the pressure obtained when a catheter is passed from the right side of the heart into the pulmonary artery as far as it will go and "wedged" into an end artery. PCWP is measured by letting pulmonary blood flow guide a balloon-flotation catheter into a small pulmonary end artery. The pressure distal to the wedged catheter is an approximation of left ventricular end diastolic pressure. The pressure recorded with the balloon deflated is pulmonary artery pressure.

pulmonary capillary wedge pressure

pul·mo·nar·y cap·il·lar·y wedge pres·sure

(PCWP) (pul'mŏ-nar-ē kap'i-lar-ē wej presh'ŭr)
The pressure obtained when a catheter is passed from the right side of the heart into the pulmonary artery as far as it will go and "wedged" into an end artery. The pressure distal to the wedged catheter is an approximation of cardiac left atrial pressure. The pressure recorded with the balloon deflated is pulmonary artery pressure.
References in periodicals archive ?
Amazingly, such patients have been known to generate pulmonary capillary wedge pressures as high as 40 mm Hg without having pulmonary edema.
Compared to available inotropes, known to be associated with increase of heart rate, hypotension and increase in atrial or ventricular arrhythmias, Debio 0614 demonstrated a rapid improvement of pulmonary capillary wedge pressure, associated with an apparent increase in systolic blood pressure and a trend to decrease heart rate, that makes this agent a promising therapy for the acute heart failure patients with low output stage," added Paolo Carminati, R&D Director of sigma-tau.
If therapy aimed at lowering pulmonary capillary wedge pressure can be titrated reasonably well using noninvasive echocardiographic measurements and the result is a patient perception of enhanced value of life, then echocardiography may provide a risk-free replacement for PAC.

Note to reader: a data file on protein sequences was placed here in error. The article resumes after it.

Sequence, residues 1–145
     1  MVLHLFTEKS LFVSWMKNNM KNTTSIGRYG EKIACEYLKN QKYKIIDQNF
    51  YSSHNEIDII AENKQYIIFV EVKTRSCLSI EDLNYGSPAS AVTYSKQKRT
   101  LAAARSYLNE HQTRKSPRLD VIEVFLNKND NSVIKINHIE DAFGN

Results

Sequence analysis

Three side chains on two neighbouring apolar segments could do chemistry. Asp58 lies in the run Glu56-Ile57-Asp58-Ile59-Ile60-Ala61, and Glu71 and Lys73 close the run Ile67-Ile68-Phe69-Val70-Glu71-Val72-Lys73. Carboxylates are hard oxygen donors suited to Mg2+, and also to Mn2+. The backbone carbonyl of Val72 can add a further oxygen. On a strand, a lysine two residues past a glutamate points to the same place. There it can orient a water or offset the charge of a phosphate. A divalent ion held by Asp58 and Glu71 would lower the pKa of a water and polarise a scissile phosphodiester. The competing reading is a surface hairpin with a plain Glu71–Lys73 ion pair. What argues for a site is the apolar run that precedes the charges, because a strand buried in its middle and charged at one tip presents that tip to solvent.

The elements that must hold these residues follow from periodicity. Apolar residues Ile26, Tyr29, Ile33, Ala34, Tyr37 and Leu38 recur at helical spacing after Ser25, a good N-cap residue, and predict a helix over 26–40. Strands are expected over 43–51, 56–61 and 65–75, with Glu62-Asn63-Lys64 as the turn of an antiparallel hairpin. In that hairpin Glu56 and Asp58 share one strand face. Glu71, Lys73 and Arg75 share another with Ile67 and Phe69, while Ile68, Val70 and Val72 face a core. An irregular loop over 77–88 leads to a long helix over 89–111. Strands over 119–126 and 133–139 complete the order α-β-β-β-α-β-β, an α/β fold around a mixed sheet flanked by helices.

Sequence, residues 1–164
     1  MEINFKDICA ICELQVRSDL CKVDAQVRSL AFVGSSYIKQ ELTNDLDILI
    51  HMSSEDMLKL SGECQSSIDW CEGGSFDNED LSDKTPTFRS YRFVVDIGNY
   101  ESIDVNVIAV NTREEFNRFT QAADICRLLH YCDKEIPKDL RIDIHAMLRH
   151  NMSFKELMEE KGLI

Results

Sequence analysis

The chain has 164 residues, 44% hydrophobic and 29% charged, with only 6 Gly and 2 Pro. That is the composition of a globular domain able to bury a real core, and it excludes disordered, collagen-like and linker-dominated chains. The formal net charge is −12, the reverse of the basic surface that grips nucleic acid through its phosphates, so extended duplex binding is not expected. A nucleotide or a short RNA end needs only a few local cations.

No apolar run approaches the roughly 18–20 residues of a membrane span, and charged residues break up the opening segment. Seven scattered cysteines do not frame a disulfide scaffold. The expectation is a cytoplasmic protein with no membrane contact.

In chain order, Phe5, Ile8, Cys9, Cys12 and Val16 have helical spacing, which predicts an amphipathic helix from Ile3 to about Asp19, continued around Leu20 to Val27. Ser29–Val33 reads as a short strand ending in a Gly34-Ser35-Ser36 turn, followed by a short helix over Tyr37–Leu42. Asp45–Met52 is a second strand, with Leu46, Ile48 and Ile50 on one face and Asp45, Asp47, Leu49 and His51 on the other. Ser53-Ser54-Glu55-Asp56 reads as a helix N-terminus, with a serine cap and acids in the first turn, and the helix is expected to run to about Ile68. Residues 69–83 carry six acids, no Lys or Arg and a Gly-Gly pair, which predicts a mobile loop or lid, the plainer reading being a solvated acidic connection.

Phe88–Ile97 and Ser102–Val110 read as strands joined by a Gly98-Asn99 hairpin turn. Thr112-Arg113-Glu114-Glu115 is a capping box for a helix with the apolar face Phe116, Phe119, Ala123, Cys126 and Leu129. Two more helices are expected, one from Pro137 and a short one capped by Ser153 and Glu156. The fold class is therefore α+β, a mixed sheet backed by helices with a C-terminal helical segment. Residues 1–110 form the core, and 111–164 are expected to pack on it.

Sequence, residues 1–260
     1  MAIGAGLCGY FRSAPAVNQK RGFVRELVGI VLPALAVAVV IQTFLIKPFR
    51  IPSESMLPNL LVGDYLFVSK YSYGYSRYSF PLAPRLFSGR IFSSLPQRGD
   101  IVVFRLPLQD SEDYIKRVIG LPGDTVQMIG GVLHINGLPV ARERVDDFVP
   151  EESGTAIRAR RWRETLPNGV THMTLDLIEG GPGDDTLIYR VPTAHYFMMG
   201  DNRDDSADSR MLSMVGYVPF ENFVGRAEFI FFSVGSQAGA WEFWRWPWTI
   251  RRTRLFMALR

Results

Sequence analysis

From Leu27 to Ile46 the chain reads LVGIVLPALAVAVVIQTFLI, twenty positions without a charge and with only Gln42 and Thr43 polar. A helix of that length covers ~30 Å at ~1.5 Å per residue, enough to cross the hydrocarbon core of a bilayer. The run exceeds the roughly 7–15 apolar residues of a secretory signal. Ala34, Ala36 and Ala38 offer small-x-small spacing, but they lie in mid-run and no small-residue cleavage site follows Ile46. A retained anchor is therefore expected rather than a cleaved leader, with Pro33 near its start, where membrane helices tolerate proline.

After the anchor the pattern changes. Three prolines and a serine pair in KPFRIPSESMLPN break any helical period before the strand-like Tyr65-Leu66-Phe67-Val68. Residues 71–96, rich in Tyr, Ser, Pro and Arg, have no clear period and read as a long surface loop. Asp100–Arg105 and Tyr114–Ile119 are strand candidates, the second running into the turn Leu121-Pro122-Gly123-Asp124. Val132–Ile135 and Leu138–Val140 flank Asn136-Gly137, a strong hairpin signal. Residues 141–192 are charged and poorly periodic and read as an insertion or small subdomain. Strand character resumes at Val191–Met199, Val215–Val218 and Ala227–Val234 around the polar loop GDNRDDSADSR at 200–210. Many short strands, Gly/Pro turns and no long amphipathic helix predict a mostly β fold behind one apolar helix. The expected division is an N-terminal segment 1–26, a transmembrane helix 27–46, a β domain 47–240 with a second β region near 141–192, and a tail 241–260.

In this population, the use of Natrecor reduced pulmonary capillary wedge pressure, an important measure of heart function, and improved breathing.
The amendment was based largely on the results of the VMAC (Vasodilation in the Management of Acute Congestive heart failure) trial, which demonstrated that Natrecor, added to standard care, had a statistically significant effect on the primary endpoint, reducing pulmonary capillary wedge pressure (PCWP, or filling pressures) in as little as 15 minutes.
In the VMAC trial, Natrecor had a statistically significant effect on the primary endpoint, reducing pulmonary capillary wedge pressure (PCWP) in as little as 15 minutes, an effect that was sustained for at least 48 hours without any loss of effectiveness (i.
Nesiritide appears to offer several benefits, particularly in the emergency room where most of these patients present, including rapid relief of symptoms and rapid control of pulmonary capillary wedge pressure.
This drug could offer several benefits, particularly in the emergency room where most of these patients present, including rapid relief of symptoms and rapid control of pulmonary capillary wedge pressure.
She required mechanical ventilation and her vital signs demonstrated marginal hemodynamics (blood pressure, 59/32 mm Hg; oxygen saturation, 95%; and pulmonary capillary wedge pressures in the 13-14 mm Hg range).